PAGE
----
According to the Saskatchewan Indigenous Cultural Centre, three high-ranking government officials, including the then-deputy minister of Indian Affairs, rigged a public competition process in 1901 in their favour to purchase the Ocean Man, Pheasant's Rump and Chakastaypasin lands.

"They unilaterally dispersed the membership to other bands without the consent of the membership of any of those bands that occupied the lands, and no consent from the band [from which] memberships were transferred," said Sanderson. "There's been a lot of internal social issues resulting from the membership being transferred into different bands, that affects the families and the communities. It still exists today in many cases." Keeping story strong Gary LaPlante is a descendant of the Young Chippewayan Band, who is now working with the Mennonite and Lutheran communities on the Laird land claim.
He said he felt a sense of duty to ensure the story of what happened to the Young Chippewayan Band is not lost over time. "There's a definite sense of loss regarding the identity of the Young Chippewayan Band," said Laplante. "I think with the descendants, with the realization and [coming] to know their history over the years, [they have] come to really understand who they were and how they were dispossessed of land and as a result, dispersed.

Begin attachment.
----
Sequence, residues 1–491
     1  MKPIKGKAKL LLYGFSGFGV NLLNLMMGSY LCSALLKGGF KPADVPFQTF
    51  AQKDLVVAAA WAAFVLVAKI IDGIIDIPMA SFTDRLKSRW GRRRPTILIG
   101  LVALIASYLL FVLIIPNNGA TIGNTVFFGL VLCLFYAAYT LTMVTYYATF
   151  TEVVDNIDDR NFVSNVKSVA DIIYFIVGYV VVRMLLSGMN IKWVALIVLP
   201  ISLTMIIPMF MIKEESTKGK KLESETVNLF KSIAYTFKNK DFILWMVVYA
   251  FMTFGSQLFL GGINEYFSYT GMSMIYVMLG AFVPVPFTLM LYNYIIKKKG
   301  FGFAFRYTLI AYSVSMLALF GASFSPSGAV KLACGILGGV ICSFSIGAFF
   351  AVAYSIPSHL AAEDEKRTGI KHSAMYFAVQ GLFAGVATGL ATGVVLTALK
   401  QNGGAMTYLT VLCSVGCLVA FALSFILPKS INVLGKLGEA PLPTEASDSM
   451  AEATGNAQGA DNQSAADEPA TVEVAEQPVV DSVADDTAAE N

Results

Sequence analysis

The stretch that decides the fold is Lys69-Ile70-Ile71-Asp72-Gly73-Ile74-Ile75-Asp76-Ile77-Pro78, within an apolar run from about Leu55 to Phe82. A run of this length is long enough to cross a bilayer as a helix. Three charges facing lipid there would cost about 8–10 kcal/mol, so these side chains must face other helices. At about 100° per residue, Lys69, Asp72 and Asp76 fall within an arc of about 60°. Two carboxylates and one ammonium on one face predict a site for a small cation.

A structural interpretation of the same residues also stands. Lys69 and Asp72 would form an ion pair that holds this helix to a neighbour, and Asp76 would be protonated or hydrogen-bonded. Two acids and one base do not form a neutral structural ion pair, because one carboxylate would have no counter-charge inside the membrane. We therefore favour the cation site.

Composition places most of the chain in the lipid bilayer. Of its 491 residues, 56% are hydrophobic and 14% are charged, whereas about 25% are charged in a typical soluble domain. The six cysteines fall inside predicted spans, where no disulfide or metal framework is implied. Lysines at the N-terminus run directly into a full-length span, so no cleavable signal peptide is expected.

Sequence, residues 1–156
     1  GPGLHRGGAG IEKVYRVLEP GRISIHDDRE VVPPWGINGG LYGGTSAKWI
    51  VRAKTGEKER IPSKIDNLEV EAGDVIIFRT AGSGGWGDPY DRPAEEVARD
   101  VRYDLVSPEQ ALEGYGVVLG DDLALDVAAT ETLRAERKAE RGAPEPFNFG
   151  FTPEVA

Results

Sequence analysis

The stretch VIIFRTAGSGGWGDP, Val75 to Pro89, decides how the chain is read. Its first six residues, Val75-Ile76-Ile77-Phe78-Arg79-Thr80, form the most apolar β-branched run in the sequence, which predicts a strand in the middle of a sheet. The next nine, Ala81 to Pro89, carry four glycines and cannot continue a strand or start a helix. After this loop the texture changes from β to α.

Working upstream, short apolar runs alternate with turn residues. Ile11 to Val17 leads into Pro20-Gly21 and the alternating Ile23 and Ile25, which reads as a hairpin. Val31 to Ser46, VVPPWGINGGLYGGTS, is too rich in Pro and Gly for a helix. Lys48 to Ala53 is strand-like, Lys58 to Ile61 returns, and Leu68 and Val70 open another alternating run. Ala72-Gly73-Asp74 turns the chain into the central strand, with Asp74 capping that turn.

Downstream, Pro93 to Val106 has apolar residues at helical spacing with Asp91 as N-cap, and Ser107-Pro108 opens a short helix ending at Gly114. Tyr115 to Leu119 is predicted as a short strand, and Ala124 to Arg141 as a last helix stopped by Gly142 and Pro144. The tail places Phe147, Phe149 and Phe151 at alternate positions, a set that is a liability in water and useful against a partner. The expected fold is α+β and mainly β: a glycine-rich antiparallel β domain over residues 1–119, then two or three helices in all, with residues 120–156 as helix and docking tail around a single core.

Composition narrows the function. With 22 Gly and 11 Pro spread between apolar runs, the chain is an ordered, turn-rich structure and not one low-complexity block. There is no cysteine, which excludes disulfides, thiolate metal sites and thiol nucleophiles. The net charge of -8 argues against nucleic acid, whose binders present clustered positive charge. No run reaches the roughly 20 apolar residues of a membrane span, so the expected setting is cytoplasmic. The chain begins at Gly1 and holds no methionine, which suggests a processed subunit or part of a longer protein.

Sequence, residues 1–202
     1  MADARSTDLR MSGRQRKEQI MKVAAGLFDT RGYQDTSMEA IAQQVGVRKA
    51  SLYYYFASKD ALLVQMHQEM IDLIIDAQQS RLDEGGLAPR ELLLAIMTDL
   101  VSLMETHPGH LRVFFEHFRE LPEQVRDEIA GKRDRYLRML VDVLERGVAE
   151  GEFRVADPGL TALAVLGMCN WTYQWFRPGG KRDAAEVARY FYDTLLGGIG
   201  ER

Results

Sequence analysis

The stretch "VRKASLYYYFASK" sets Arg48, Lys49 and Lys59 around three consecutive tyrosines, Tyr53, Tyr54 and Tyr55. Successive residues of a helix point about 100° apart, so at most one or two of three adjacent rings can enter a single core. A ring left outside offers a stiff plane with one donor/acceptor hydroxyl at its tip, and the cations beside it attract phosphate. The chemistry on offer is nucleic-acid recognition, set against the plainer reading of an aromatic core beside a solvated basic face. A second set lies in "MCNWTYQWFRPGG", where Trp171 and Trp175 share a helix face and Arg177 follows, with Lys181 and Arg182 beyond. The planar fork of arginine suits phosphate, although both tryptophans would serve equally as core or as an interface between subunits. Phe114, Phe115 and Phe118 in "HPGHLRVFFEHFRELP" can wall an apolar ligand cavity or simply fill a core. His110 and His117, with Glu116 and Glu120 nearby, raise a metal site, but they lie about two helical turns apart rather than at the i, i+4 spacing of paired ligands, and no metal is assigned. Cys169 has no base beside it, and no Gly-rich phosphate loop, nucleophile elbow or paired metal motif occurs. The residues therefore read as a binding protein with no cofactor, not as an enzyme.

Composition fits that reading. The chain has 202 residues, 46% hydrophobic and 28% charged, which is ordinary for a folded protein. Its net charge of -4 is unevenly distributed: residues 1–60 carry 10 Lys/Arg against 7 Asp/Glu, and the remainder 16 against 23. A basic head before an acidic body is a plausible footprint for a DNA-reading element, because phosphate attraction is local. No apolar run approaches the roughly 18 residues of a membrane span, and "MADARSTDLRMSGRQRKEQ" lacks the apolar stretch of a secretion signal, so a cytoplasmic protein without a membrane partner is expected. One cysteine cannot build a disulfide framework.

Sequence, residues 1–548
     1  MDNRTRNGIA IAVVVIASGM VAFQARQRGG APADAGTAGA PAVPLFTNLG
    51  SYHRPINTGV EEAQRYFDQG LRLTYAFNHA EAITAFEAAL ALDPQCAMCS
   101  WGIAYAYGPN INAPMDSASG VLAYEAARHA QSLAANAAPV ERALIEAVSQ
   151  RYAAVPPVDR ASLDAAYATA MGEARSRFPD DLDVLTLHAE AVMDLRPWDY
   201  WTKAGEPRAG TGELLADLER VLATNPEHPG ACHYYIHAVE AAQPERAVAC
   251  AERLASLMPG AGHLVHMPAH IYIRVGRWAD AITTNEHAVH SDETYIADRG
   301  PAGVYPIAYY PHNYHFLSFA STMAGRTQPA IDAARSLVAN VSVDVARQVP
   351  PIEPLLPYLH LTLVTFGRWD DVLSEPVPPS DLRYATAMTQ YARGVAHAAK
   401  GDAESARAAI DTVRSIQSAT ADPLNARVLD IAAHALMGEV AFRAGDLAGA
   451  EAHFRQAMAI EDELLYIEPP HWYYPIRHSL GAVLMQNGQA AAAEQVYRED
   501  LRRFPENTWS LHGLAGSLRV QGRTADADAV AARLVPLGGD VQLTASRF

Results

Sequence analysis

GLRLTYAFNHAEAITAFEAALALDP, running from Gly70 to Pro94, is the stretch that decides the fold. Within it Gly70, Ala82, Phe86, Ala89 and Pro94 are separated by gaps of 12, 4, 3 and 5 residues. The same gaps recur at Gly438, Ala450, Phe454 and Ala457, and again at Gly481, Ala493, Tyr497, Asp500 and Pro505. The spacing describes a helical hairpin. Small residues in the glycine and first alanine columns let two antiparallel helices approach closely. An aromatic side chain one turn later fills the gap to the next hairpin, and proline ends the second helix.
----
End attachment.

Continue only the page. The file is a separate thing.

"Their dream of any semblance of nationhood as a band, a community, was lost." LaPlante said the late Young Chippewayan designate Chief Ben Weenie had made it his life's work to keep the story alive.  He said Weenie was initially apprehensive about meeting with the Mennonite and Lutheran communities after tensions between communities in the Laird area in the 1970s.
But LaPlante said he always felt the Mennonite community had good intentions. Around 2006, Weenie, his wife Sylvia and LaPlante met with Mennonite leaders to share their story and discuss the future. "We were able to put any kind of discussions about past wrongs, we put that all aside," said LaPlante.
"We were talking reconciliation before reconciliation became a catchphrase in Canada." Future hopes The story of the Young Chippewayan band and the partnership with the Mennonite and Lutheran communities is the subject of a documentary, Reserve 107, which is being screened at the folk festival on Saturday.  LaPlante hopes a specific claim settlement can be reached to allow opportunities for the descendants to return to the land. "Nobody's going to go and dispossess anyone but if there was an agreement, a specific claims agreement settled, they could actually be able to buy land and those descendants who wish to honour their ancestors, or have those ties yet to those families … that they have the ability to come together like their ancestors had wanted," said LaPlante.
Indian Claims Commission Young Chipeewayan Inquiry

Mobile users: View the document Indian Claims Commission Young Chipeewayan Inquiry (PDF 2.83KB) Indian Claims Commission Young Chipeewayan Inquiry (Text 2.83KB) CBC is not responsible for 3rd party content
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Sunday, April 26, 2015

Telling our Story

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Sunday, March 9, 2014

Honour walk: For Residential School Survivors

A group of youth supportive by MCC began a walk to Edmonton for the TRC at Stoney Knoll.  They decide to begin at Stony Knoll as a recognition of the work towards relationship building we have been working towards.    You can follow them at

Wednesday, October 19, 2011

Chief Ben Weenie receives annuity payment from Treaty Commissioner Honourable Bill McKnight at Stony Hill Gathering 2011